Around 300 hundred juniors and as many as 50 open ladies have just wrapped up a shortened football season hosted by the Merimbula Grasshoppers.
Grasshoppers seven-a-side co-ordinator Hugh Jesina said the club were thrilled with the response and positive play across the eight-round season.
"We're all very happy with how it went off," Mr Jesina said. "We had an idea of how many we were expecting, but seeing the kids turning up and the effort from the coaches and clubs that they put in - at the end of the day we were surprised by how many people turned out and enjoyed it."
Mr Jesina said as the host club the Grasshoppers were confident of their own numbers, but said it was an incredible response from other clubs across the FSC Football Association and praised it as a "massive involvement".
The Eden Killer Whales and Wolumla Tigers have been among many to show gratitude for the Hoppers hosting a season.
"We can't thank Merimbula Grasshoppers Football Soccer Club enough for the opportunity for our kids to play football this year," the Killer Whales shared on social media.
"We fielded teams in all age groups from under 8s to under 16s and despite a few washouts early we managed to get plenty of games and heaps of fun."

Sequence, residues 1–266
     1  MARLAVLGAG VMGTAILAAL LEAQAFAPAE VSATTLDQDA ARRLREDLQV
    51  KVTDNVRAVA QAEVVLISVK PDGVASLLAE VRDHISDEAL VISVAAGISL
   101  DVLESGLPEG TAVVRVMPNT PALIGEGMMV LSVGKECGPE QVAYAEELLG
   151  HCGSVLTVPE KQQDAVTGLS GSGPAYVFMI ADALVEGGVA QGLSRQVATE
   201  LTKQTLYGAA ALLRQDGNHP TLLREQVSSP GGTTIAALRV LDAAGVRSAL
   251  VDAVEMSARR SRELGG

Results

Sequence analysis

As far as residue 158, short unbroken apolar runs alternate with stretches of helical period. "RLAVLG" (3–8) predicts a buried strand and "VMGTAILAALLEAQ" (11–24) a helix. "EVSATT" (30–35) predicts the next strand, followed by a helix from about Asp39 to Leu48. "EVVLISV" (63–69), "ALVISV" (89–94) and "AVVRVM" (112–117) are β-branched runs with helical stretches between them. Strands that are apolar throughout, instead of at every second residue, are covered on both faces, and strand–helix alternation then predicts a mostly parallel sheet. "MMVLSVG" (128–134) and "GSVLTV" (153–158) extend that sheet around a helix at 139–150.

Wolumla's Mark Anderson also praised the competition saying the Wolumla 12s enjoyed the chance to play this year.
The Covid Cup women's event also saw four rounds of matches with players from Merimbula, Eden, Wolumla and Tathra coming together.
Mr Jesina said the Covid Cup owed a lot to Suzie Devon alongside Dan Ferrara, Karen McCamish and Deb Heron from Eden, Tathra's Hugh Pity and others to pull together the draw.
"They all put in a massive effort to get it going and I think will develop and strengthen the women's comp for next year, they'll know each other better and know their style which will improve the games," he said.
Despite two successive washouts, a weight of enthusiasm allowed the Hoppers to extend the draw by two weeks to complete the full junior draw.
"We were eager to get something together for the kids," Mr Jesina said. "The washouts were annoying, but the best thing was to just keep going.
"[A highlight for me] was being social and competitive games you're really allowing everyone to have a good crack and have a go - it was all about building a strong experience."
Mr Jesina encourages people across all sporting clubs to see if they can help out as it can be difficult to ask for help, but as the adage goes many hands make light work. "Otherwise a lot falls on a few people, but a little bit of help can go a long way," he said.